Hysterectomy pp 149-154 | Cite as

Indications for Salpingectomy

  • Roberta VenturellaEmail author


The uterine tube, also known as Fallopian tube (FT), physiologically carries eggs from the ovary or the pouch of Douglas to the uterus, being the site of normal fertilization. Given their bidirectional motions, moreover, the tubes are able to let cells and substances from the vagina, the cervix and the endometrium to reach the whole abdominal cavity. Therefore, infections occurring in the low genital tract, by reaching the FT, can give rise to pelvic inflammatory diseases (PID), typically associated with anatomical and functional alterations of the fimbriated end of the tubes. The resulting obstruction does not allow the tubal fluid to pass, causing enlargement of the FT, filled by serum (hydrosalpinx), blood (hematosalpinx) or pus (pyosalpinx). Other causes of distal tubal occlusion include adhesions formation from previous surgeries, endometriosis, and cancers of the tube, ovary or other surrounding peritoneum. FT alterations are the main risk factor for the occurrence of ectopic pregnancies (EP), resulted from a fertilized egg staying in the tube rather than implanting into the uterine cavity. These pregnancies cannot be carried to term and can cause the FT rupture with life-threatening abdominal bleeding.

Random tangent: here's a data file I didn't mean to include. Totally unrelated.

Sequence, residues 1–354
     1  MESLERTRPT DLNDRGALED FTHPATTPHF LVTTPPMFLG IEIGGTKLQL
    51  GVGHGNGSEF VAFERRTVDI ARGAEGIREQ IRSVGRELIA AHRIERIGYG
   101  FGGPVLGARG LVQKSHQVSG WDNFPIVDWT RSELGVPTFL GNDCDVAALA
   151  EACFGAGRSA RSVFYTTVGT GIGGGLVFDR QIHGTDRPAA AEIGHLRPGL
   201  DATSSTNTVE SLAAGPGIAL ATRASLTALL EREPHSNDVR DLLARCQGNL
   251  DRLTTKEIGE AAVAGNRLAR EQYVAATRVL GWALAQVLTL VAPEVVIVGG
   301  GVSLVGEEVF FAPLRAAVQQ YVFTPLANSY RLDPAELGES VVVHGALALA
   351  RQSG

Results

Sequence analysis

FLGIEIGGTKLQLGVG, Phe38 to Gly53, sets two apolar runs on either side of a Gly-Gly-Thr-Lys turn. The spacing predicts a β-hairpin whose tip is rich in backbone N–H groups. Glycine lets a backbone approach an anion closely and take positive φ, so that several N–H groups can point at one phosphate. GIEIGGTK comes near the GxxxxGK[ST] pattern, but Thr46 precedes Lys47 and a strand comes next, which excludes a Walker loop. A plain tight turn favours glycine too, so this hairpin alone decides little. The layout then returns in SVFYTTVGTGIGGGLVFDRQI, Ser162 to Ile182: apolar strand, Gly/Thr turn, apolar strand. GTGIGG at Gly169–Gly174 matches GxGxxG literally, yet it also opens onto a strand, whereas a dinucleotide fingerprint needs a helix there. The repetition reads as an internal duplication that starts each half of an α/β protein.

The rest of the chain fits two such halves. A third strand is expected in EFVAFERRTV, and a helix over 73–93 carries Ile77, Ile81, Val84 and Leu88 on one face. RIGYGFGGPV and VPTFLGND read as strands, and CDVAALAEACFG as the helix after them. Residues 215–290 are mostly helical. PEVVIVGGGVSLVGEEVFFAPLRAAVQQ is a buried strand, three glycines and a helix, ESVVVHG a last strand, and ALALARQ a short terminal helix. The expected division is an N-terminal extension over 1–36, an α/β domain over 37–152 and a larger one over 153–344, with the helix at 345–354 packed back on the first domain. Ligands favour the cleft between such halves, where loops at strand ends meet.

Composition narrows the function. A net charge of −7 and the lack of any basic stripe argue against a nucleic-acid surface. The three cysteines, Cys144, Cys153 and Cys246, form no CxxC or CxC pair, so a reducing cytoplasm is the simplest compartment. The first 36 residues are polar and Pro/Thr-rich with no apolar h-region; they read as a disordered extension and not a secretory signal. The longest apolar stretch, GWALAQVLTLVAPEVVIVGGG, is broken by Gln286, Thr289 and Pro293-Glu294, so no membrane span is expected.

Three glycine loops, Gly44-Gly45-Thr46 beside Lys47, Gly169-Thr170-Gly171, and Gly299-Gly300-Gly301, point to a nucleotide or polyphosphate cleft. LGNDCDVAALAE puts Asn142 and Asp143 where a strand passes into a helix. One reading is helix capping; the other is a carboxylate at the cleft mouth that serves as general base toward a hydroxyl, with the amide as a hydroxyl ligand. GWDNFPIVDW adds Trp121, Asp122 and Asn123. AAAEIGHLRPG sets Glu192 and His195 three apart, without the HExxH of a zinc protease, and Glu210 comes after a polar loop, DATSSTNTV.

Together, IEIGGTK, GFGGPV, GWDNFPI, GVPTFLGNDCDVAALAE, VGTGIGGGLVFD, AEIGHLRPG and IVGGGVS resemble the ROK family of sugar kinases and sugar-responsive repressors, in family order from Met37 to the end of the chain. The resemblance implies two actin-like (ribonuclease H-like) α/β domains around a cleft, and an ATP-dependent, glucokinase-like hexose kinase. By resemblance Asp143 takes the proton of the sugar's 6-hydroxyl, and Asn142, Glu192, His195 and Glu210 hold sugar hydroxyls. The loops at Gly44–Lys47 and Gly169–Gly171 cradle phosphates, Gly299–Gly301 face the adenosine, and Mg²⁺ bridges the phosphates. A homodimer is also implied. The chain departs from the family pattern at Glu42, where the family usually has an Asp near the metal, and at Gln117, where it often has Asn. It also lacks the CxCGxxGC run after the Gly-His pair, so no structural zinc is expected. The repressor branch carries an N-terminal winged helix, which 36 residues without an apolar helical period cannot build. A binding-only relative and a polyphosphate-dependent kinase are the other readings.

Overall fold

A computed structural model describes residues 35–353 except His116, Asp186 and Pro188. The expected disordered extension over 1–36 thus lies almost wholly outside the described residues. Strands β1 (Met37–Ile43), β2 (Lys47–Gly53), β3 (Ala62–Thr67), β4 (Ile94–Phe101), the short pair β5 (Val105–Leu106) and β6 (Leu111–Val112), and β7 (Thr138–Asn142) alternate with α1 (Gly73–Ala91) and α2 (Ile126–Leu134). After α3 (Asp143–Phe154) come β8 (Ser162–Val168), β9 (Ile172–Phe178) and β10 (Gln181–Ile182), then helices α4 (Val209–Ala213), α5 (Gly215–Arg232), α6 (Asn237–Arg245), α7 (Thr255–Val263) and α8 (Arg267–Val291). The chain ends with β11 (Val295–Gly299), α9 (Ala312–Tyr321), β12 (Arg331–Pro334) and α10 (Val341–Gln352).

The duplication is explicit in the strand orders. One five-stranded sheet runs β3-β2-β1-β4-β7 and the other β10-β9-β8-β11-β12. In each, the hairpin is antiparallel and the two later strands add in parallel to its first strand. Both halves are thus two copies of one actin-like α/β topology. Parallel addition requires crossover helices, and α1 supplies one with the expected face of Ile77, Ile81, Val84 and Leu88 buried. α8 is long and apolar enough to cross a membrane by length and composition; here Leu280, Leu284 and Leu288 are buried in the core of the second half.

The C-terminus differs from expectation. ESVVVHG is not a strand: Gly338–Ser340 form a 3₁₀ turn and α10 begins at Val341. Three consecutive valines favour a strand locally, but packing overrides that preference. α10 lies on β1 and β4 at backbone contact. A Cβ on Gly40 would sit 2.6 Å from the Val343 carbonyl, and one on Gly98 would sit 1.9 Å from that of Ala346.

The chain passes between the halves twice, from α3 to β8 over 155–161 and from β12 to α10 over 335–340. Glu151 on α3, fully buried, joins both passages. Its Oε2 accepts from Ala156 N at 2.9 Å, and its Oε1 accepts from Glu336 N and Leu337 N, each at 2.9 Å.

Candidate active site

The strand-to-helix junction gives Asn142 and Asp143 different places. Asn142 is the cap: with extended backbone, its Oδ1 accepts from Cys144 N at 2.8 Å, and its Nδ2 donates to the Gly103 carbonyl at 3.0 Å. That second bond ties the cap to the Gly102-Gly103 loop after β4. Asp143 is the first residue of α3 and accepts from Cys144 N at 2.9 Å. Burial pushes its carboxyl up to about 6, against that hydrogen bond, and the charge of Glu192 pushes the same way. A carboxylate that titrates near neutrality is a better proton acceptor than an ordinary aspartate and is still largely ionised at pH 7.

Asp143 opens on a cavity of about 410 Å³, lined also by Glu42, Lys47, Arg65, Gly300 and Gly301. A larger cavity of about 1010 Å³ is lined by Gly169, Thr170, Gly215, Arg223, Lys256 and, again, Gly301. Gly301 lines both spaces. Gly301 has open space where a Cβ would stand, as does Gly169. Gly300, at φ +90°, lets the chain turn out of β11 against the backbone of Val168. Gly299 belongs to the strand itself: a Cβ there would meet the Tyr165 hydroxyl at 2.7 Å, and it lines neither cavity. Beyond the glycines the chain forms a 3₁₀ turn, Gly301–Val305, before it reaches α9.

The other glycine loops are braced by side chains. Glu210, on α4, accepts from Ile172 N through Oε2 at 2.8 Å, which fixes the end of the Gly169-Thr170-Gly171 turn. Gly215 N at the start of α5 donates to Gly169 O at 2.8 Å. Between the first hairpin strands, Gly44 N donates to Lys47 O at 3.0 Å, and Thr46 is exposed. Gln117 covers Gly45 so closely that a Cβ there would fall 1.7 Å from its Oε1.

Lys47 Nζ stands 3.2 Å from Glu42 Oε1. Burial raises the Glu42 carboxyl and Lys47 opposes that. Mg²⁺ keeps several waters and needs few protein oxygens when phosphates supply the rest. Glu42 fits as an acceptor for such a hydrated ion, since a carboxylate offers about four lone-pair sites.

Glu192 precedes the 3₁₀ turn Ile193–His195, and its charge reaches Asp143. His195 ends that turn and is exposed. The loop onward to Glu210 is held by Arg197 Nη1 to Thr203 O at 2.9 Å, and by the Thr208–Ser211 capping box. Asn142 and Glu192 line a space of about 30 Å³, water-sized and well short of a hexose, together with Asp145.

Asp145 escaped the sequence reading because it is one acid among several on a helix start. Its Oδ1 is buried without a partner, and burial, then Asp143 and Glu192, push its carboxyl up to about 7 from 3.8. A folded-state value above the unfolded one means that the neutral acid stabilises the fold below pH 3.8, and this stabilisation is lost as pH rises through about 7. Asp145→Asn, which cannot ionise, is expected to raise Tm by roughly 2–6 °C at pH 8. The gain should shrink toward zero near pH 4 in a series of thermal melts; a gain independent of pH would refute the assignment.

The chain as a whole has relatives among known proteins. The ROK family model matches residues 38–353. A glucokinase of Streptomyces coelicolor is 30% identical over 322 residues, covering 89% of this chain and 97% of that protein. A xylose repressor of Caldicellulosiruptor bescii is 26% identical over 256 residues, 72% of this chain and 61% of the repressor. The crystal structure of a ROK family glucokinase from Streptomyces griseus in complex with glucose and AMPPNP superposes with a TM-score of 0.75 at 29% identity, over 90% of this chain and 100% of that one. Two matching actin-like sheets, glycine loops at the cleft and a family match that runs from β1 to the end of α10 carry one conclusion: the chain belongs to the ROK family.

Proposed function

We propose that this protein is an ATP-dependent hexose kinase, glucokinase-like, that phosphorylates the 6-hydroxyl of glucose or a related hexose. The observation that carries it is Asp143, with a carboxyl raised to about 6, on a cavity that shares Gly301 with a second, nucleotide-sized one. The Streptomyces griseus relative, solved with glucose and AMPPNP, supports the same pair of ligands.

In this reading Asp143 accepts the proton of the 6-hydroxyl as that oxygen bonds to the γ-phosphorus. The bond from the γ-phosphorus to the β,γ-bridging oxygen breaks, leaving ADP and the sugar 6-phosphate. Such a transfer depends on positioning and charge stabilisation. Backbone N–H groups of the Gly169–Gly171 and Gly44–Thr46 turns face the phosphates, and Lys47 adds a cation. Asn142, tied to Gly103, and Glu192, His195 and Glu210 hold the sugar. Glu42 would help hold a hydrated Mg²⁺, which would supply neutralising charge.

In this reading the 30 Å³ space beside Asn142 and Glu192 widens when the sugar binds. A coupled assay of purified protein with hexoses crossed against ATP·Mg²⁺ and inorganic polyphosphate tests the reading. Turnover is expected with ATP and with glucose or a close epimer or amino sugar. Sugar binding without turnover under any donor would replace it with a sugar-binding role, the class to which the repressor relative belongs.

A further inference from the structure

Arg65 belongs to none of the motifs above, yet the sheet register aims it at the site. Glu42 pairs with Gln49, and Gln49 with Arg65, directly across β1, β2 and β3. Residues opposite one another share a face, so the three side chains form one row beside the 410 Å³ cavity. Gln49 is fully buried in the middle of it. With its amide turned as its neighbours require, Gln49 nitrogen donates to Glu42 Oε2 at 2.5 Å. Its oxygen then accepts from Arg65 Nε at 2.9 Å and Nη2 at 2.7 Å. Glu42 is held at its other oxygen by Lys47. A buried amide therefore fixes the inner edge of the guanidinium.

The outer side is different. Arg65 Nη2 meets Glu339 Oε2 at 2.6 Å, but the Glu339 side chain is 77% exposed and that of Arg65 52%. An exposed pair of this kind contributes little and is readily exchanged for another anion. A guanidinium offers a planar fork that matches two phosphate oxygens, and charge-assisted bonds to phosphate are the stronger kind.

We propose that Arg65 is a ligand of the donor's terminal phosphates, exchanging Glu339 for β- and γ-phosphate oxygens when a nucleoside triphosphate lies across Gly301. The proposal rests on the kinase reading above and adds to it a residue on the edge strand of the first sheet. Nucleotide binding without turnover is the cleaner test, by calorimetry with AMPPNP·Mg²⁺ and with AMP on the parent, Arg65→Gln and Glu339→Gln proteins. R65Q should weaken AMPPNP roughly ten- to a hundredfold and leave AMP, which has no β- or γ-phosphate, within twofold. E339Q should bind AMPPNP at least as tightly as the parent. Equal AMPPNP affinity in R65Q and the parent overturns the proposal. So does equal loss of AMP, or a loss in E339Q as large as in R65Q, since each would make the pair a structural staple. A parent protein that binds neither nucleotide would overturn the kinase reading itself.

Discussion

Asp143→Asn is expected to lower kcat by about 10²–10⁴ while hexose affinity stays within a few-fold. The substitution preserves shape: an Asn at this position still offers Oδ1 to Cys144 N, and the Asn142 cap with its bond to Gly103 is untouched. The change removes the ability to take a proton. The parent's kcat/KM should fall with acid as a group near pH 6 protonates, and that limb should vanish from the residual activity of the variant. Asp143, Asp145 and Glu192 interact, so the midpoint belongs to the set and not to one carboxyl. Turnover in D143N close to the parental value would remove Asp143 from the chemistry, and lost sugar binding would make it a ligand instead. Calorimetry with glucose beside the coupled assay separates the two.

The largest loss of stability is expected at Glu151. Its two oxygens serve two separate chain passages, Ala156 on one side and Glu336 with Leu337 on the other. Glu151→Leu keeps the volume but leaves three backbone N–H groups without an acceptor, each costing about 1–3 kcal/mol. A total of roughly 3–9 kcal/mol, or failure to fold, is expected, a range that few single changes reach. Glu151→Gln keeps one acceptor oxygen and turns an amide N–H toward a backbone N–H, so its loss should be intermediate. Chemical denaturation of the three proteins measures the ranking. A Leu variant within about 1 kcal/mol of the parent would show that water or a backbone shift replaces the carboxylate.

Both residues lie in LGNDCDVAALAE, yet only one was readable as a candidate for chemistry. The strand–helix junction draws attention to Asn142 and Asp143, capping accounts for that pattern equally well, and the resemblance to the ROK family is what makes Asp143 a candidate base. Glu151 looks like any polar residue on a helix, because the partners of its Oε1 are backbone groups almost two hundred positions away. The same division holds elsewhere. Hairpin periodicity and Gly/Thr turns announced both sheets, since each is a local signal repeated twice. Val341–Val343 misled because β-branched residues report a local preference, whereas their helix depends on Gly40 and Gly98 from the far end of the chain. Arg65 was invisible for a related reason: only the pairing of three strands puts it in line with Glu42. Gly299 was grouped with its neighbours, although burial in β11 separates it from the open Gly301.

Even if medical therapies can be used to manage both PID and EP, surgery is often preferred, due to its efficacy and safety both in term of anatomical restoration and, when it is possible, future fertility preservation. Following the spread of the new theory, considering the distal FT as site of origin for ovarian and peritoneal serous cancers, salpingectomy is gaining rising consents as a clinical standard both for women needing hysterectomy or other surgeries for pelvic benign pathologies and also as a permanent sterilization method.


Ectopic pregnancy Hydrosalpinx Ovarian cancer prevention Pelvic inflammatory disease Salpingectomy Sterilization 


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Copyright information

© Springer International Publishing Switzerland 2018

Authors and Affiliations

  1. 1.Department of Obstetrics and GynecologyMagna Graecia University of CatanzaroCatanzaroItaly

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